While swimming at a public pool is a great way to cool off and have fun, it can also put your health in jeopardy. Aside from taking the usual precautions such as wearing sunscreen and staying hydrated while lounging, it’s important to pay attention to some easily overlooked areas and to learn some important facts you may not have known.
For example, your red, itching eyes are because pools overdid it on chlorine, right? Not entirely, according to experts from the Centers for Disease Control and Prevention (CDC). What’s making your eyes look like you’ve pulled an all-nighter is partially the chlorine, but it’s also due to reactions that occur when that pool chemical mixes with urine, fecal matter (yes, it’s true), sweat, dirt, and chemicals from personal products (such as makeup).
As if that’s not bothersome enough, the pool environment amps up the nasty factor because it offers not one, but several, ways to interfere with your good health. For example, accidentally swallowing water, inhaling air irritations released from urination, and absorbing chemicals through the skin are all ways in which public pools can present problems. Aggravation of asthma symptoms and developing diarrhea are the least of your concerns, too—when chlorine binds with all of these other elements, the poisonous gases released have the potential to tamper with your heart, lungs and nervous system. All of these problems are what the CDC refers to as “Recreational Water Illnesses.”
To stay safe, try to minimize time spent in pools and, if possible, go during times that aren’t crowded. Of course, you should also do your best to avoid getting water in your mouth when you do decide to cool off. Sure, cutting back on going underwater and refusing to engage in super splashy pool games take some of the fun out of swimming, but your health is worth the sacrifice.
Also, after swimming, fight the urge to simply dry off before switching back into your regular clothes; instead, take the time to shower, rinsing off as many chemicals and germs as possible.
While showering—and walking around the pool or changing room for that matter—never go barefoot. The moist, warm conditions in these areas amplify the potential for developing fungal infections, so it’s easy to pick up a toe or nail problem. It may feel odd to shower or change with something on your feet, but it certainly beats lingering in slimy floor residue where hundreds of people have been before you. If you forget foot protection, at least consider changing your clothes while using your towel as a floor mat (which should be put in a separate bag from the rest of your clothes and washed promptly when you get home).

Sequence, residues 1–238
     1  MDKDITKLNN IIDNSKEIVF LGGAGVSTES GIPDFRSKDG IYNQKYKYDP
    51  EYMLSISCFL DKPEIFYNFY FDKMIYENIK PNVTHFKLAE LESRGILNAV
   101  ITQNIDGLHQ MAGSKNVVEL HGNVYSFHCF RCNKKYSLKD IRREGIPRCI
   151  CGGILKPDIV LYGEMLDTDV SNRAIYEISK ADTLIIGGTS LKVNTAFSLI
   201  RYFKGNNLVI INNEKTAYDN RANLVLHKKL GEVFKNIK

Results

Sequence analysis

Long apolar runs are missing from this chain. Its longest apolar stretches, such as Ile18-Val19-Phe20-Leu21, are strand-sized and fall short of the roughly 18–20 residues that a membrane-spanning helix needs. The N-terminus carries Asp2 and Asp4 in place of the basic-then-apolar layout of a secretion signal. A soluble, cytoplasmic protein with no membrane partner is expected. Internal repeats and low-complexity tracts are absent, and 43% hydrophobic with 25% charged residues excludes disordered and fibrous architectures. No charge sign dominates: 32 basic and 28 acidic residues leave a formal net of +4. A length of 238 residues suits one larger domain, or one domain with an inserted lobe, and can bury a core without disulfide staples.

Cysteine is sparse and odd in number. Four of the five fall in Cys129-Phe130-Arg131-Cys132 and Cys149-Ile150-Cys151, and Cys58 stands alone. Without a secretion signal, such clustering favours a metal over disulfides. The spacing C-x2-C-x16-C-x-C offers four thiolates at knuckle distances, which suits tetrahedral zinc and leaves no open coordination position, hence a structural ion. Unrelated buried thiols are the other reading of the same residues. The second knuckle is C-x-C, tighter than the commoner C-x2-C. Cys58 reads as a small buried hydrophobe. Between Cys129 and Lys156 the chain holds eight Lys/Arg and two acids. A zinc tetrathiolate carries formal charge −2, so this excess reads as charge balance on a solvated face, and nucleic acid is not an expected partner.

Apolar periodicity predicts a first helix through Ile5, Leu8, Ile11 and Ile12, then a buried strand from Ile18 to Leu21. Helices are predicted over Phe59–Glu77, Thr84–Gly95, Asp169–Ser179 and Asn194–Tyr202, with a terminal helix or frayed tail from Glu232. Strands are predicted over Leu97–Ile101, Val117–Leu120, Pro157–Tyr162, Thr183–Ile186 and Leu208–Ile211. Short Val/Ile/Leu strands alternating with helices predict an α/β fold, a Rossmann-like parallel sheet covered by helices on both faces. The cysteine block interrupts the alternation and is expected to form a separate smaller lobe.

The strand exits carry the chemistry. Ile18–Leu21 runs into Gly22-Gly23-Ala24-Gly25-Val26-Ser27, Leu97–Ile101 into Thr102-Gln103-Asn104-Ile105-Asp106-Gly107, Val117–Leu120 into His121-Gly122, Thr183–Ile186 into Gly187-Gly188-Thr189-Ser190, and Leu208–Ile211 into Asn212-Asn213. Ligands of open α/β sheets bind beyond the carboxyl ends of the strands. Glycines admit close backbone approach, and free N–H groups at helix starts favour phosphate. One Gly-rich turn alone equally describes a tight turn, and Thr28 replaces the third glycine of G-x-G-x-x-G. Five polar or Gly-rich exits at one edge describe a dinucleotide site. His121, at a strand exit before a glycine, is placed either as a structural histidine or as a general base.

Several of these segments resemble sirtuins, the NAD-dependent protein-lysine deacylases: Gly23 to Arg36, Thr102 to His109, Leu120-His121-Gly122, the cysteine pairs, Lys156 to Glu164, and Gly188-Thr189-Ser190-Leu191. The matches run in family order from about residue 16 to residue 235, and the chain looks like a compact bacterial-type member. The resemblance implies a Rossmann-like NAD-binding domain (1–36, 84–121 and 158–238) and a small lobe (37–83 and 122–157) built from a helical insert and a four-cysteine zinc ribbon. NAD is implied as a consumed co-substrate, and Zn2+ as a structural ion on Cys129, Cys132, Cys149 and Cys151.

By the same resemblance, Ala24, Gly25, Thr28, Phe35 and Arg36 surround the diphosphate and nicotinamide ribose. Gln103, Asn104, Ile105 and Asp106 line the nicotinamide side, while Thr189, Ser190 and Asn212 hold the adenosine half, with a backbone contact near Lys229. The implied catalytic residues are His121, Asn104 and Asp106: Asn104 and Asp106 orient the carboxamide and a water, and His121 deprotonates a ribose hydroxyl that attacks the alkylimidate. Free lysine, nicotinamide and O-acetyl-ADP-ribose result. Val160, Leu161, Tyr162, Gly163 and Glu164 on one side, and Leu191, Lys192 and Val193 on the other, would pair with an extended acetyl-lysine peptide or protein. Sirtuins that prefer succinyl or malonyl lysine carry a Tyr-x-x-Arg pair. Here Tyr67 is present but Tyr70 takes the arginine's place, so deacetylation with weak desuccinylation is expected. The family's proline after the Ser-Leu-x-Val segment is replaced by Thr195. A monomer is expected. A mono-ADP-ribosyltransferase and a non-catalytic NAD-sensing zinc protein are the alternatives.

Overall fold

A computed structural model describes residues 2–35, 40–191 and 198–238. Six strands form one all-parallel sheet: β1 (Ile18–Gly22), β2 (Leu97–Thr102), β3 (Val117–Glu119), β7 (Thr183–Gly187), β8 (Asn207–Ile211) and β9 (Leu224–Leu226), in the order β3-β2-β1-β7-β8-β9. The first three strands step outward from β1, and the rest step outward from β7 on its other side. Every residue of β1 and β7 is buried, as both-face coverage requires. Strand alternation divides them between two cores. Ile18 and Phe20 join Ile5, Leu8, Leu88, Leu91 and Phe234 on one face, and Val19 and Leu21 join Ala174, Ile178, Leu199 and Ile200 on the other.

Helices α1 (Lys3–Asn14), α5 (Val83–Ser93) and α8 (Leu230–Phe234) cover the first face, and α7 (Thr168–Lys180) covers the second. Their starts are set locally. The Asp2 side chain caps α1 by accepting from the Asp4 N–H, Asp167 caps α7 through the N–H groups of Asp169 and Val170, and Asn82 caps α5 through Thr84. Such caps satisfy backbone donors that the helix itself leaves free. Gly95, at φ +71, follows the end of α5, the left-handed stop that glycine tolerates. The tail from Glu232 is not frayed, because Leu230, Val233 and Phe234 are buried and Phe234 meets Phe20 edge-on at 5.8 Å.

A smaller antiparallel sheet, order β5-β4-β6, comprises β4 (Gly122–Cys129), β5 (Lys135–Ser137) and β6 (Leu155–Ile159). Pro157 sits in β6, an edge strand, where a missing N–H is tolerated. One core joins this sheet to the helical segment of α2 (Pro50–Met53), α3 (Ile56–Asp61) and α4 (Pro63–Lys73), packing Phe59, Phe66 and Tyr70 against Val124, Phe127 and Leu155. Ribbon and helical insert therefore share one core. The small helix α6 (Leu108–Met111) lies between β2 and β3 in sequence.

Aside from fungal infections, the slippery environment also makes accidents more likely to occur. Prevent slipping and falling by keeping something on your feet as often as possible. Even if you’re walking a short distance, be sure to keep your feet covered. Slips can happen suddenly, and it’s best to be cautious.
No matter where you are in the pool, it’s important to keep an eye on your surroundings. Check to see that a lifeguard is on duty and seems attentive. Are they looking at their phone or talking with friends surrounding the lifeguard stand, or are they focused on pool activity? Swimmer health is very important, so making sure a responsible lifeguard is watching over everyone is essential. They’re trained to handle pool incidents such as drowning and CPR—swimming without an actively-engaged lifeguard puts everyone’s health at risk.
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Furthermore, while time spent at the pool is about having a good time, make sure to not overdo it. Signs about not running or diving in shallow areas are there for a reason; heed their advice to avoid accidents. Use your common sense—go easy, resist the urge to rush around, use handrails when entering pools, and don’t stay in hot tubs for more than the recommended time (especially if you have a pre-existing health condition that warns against extreme heat exposure).
Swimming is a great exercise and an ideal way to cool off. However, the public pool environment can be detrimental to your health by causing new problems or intensifying existing ones. Staying mindful of its potential hazards is the best way to stay safe.